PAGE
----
Treat Plantar Fasciitis without Surgery
It’s got a funny name and if you’ve never suffered from it, you may not even know what it is. But plantar fasciitis affects about 2 million people every year.
Plantar fascia are ligaments that connects the heel bones to the toes, which creates the arch of the foot. And plantar fasciitis happens when that band of tissue, which supports your foot’s arch, becomes irritated and inflamed.
Plantar Fasciitis Causes and Symptoms
Plantar fasciitis is the most common cause of foot pain and typically starts after you begin exercise or become active in a new way. When there is too much pressure or strain on the foot’s tissue, the body’s natural response is inflammation. This results in heel pain, and loss of flexibility and range of motion.
While there’s no way to determine who is at risk for plantar fasciitis, here are some causes and the symptoms to watch out for.
- Exercising with poor form or on a hard surface
- Spending long hours on your feet
- Running (especially with poor form or in old running sneakers)
- Being overweight
- History of inflammation
- Having a high foot arch
- Heel pain
- Bone pain
- Tenderness and/or swelling
- Pain when walking (especially in the morning, but subsides after a few minutes of walking)
Natural Solutions for Plantar Fasciitis
Most who suffer from plantar fasciitis can improve within months with simple treatment, including the following:
Deep tissue massage – this can help increase the flow of blood and fluid, which can break up the scar tissue and speed up the healing process. You can also massage using essential oils (see below).
Rest – taking some time off a particular exercise (at least a few weeks) can help reduce the pain.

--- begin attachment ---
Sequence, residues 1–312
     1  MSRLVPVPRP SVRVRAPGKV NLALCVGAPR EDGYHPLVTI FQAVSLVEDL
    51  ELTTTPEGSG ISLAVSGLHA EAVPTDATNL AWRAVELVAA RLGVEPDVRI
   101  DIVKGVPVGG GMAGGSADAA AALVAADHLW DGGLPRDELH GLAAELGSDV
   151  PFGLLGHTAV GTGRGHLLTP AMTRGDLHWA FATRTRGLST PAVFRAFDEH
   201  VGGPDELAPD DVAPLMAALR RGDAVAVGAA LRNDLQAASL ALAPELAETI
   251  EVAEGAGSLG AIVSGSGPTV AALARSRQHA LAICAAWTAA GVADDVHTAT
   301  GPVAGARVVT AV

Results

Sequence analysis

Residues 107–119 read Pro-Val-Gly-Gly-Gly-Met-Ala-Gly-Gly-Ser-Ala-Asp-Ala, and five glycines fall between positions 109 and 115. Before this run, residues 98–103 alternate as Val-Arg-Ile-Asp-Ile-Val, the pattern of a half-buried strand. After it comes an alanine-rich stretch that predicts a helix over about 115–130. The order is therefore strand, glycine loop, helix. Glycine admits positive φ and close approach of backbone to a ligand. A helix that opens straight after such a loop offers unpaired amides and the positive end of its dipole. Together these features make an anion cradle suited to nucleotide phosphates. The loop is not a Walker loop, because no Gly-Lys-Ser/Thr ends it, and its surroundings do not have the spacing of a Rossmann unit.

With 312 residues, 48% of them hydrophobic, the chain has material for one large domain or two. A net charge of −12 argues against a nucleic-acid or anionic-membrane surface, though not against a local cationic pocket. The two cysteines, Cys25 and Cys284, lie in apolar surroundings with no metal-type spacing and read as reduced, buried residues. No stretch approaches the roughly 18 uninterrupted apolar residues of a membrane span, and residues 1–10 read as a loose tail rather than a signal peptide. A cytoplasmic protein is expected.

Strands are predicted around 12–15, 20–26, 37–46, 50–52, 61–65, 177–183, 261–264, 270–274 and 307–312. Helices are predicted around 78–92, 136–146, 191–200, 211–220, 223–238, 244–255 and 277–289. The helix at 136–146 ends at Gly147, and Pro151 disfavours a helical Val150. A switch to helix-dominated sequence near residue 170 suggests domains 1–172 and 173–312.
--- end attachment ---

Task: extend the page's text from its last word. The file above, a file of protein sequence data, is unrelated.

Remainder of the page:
Ice – roll your foot over a cold water bottle or ice pack 3-4 times per day.
Heel exercises and stretches – here are a few examples:
- Calf stretch – lean forward against a wall with one knee straight and the heel on the ground. Place the other leg in front, with the knee bent. To stretch the calf muscles and the heel cord, push your hips toward the wall in a controlled fashion. Hold the position for 10 seconds and relax. Repeat this exercise 20 times for each foot.
- Toe stretch – sit down and cross affected foot over the other knee. Grasp the toes and slowly pull them toward you in a controlled fashion. Hold for 10 seconds and repeat 10 times.
- Thumb massage – rub your thumb left to right over the arch of the affected foot.
- Towel stretch – roll up a warm towel, place under foot, pull on both ends, and massage affected area.
- Squat stretches – stand forward and spread your feet apart. Flex your knees and squat down, keeping your heels on the ground as long as possible. Hold for 10 seconds and repeat 20 times.
Change footwear – look for more supportive shoes with extra cushioning. You can also add heel inserts or orthotics to your current shoes. Don’t forget, if you’re a runner you should change your running sneakers every 400 miles of use.
Maintain healthy weight – those who have a BMI over 30 are at a higher risk for plantar fasciitis than others. The less you weigh, the less stress placed on your feet and heels.
Eat an anti-inflammatory diet – foods that can control inflammation include:
- Organic fruits and vegetables
- Raw food
- Wild-caught fish
- Probiotic foods
- Nuts and seeds
- Pasture-raised eggs and poultry
Physical therapy – as a last resort, a visit to a physical therapist can teach you better heel stretches and better form for running and exercise.
Essential oils – essential oils are great for inflammation, and to decrease pain and swelling. I love to use them while massaging areas of pain. Here are the oils that I recommend:
- Rosemary – supports pain relief and has anti-inflammatory properties
- Marjoram and lemongrass – may reduce muscle spasms and muscle pain
- Thyme – is known to help relieve swelling and inflammation
- Wintergreen and peppermint – may help relieve pain
- Lavender – widely used for its calming and relaxing qualities
- Turmeric – works as an anti-inflammatory and pain reliever.
Essential Oil Blend:
- 5 drops rosemary
- 5 drops marjoram
- 5 drops turmeric
- 5 drops wintergreen
Mix in a 10 ml roller bottle, then fill the rest of way with fractionated coconut oil and roll on area of concern several times per day.
Supplements – I recommend taking Deep Blue Polyphenol Complex. Polyphenols are packed with antioxidants, they provide numerous health benefits, including soothing support to aching muscles and joints, and other discomfort.
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